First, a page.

My friend Pete Spiliakos and I are doing our 10th podcast and it’s about a movie on its 30th anniversary. Die Hard is well-loved and little talked about — we’re here to remedy that. We discuss the great everyman performance Bruce Willis put in and how director John McTiernan crafted the entire movie around him. With remarkable coherence, you get a view of the working class moral realism and virtues of American men and, from that perspective, of the arrogant incompetent of all sorts of institutions: Corporations, media, government, police, etc. We also talk at length about the social changes that have made action movies almost inconceivable and replaced working class heroes with oligarchs and mythical aristocrats, who alone seem to deserve our attention and billions of box office dollars… This is what our Middlebrow series is all about: How movies reflect society and also reflect on our ideas and beliefs.

Jim Geraghty of National Review and Greg Corombos of Radio America analyze the California Democratic Party’s decision to endorse California Sen. Dianne Feinstein’s rival in the general election, Democratic state Sen. Kevin de Leon. They also criticize President Donald Trump for his inability to confront Russian president Vladimir Putin about multiple issues, especially election meddling, noting that the president seems more worried about defending his 2016 win than exposing the truth. And they laugh as Alexandria Ocasio-Cortez, a self-proclaimed democratic socialist, stumbles her way through an explanation about why Israel is an occupying force on “Firing Line.” They also finally resolve the biggest question in film: “Is Die Hard a Christmas movie?”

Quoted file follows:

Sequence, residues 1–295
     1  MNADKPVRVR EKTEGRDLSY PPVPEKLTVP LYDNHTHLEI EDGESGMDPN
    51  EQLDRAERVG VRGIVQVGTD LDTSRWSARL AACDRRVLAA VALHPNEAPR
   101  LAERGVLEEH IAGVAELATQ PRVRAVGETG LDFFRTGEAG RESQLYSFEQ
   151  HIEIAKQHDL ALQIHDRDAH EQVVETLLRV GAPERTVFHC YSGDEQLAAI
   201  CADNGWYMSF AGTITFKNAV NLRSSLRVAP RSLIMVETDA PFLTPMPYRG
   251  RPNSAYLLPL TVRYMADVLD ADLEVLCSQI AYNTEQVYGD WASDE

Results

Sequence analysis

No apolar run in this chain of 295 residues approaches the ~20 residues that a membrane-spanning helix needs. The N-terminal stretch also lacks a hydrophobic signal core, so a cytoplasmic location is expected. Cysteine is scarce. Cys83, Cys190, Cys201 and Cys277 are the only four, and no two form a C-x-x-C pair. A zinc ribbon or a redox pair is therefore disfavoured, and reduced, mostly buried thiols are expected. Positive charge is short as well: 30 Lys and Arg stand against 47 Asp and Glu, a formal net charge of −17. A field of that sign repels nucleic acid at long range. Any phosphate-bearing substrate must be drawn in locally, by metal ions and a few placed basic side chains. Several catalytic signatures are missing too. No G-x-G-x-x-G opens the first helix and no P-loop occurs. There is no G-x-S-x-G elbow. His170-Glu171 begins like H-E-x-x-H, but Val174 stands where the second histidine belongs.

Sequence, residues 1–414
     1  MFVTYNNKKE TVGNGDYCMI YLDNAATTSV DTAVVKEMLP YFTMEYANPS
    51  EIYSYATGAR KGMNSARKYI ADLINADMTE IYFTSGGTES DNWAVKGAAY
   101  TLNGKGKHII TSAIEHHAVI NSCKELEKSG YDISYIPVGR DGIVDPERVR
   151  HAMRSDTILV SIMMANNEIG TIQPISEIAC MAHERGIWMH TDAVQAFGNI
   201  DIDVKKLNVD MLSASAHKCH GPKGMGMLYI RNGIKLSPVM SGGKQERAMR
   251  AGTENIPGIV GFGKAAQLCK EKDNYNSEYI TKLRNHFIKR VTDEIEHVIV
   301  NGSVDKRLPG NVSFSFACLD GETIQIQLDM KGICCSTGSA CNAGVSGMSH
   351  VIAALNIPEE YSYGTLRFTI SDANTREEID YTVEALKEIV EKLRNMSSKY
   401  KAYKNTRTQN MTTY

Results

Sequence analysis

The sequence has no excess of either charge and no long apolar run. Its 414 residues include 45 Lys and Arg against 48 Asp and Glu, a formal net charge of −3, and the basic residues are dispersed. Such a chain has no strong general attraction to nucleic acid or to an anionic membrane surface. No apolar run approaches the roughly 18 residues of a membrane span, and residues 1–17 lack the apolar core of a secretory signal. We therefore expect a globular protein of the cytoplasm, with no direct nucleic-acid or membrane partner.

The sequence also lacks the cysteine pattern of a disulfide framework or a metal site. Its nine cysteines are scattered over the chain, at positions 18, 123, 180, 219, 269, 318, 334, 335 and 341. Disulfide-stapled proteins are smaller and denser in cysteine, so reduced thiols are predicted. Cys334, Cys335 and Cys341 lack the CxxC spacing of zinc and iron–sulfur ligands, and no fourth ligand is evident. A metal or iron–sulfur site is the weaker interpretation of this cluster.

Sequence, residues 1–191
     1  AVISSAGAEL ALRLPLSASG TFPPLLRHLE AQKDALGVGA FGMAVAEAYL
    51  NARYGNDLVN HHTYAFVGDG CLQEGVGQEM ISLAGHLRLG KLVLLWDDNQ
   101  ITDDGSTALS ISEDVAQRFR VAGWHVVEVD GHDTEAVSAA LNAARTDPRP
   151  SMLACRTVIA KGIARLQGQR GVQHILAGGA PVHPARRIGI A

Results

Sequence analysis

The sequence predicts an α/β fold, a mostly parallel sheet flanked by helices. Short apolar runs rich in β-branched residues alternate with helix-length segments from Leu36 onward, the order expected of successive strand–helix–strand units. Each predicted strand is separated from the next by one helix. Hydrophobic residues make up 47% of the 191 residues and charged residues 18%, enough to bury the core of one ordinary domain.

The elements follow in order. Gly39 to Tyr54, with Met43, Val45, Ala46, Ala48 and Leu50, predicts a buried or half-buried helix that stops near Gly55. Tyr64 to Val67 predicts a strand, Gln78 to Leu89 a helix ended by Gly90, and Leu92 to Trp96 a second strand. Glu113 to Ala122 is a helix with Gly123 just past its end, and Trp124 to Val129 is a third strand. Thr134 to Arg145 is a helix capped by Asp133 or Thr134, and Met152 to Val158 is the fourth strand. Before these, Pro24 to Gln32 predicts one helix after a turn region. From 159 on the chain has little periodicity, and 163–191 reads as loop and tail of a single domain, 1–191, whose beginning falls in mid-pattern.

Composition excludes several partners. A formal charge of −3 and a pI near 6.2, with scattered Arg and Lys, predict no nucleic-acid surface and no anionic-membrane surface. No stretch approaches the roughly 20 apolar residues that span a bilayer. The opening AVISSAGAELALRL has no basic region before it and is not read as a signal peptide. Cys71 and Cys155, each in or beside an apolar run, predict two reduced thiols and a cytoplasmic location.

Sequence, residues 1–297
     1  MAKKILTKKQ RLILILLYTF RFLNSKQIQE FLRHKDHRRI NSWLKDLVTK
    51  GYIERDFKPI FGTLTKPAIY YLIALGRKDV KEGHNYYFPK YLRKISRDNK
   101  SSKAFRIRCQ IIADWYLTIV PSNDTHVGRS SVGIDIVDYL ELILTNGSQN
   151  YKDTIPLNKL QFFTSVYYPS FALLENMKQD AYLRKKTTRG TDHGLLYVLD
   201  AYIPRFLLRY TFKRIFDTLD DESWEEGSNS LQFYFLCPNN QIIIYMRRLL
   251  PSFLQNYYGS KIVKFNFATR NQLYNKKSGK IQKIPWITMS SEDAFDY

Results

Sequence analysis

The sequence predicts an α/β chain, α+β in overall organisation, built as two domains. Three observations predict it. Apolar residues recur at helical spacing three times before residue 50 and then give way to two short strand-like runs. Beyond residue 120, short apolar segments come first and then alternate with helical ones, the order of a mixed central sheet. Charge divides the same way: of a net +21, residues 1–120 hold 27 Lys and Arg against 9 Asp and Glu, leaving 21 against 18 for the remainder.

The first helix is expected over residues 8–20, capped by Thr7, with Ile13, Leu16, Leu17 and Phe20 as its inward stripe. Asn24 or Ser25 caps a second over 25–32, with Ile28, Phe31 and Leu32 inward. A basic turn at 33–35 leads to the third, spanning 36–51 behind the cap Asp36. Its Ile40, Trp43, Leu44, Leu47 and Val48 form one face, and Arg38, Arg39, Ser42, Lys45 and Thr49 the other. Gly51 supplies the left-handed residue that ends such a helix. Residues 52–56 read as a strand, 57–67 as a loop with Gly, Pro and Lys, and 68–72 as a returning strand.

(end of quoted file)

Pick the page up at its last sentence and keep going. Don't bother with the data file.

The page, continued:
No, “Die Hard” Is NOT A Christmas movie, no matter how many trolls at the Weekly Standard and elsewhere take to Twitter to make the (bogus) case.

Foreign policy wonk Omri Ceren and I celebrate Trump’s strategy on the UN and Jerusalem, including Nikki Haley’s wonderful speech at the United Nations described as “bullying” by gutless Euroweenies.

The Problems with Movie Criticism, Part 2


Fake Christmas movies! In recent years, people we rightly call trolls have taken to calling Die Hard a Christmas movie, partly in jest, but often because they have something against Christmas movies. Like all aggressive jokes in our times, this too is an attempt to assert some kind of dignity by way of fandom. It’s an identity, after all. Well, there was a guy who did that long before trolls and he was the best action-comedy writer-director: Shane Black.

You remember his movies and the great roles they had for men. We wrongly call those “buddy cop” movies:

Member Post


One of our family’s Yuletide traditions is to watch “Die Hard” on Christmas Eve Eve. Okay, so it doesn’t exactly hit the spot for “Peace on Earth” but if you wanted to really stretch things, you could say it’s an Incarnation Parable. Or you could say with dark humor the film blows stuff up real […]